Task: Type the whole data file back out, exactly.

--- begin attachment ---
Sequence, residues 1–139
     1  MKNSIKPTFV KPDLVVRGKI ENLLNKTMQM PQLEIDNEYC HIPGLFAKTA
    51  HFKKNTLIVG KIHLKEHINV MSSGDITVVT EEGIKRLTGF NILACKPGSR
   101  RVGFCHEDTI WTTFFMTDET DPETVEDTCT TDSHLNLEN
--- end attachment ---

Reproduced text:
Sequence, residues 1–139
     1  MKNSIKPTFV KPDLVVRGKI ENLLNKTMQM PQLEIDNEYC HIPGLFAKTA
    51  HFKKNTLIVG KIHLKEHINV MSSGDITVVT EEGIKRLTGF NILACKPGSR
   101  RVGFCHEDTI WTTFFMTDET DPETVEDTCT TDSHLNLEN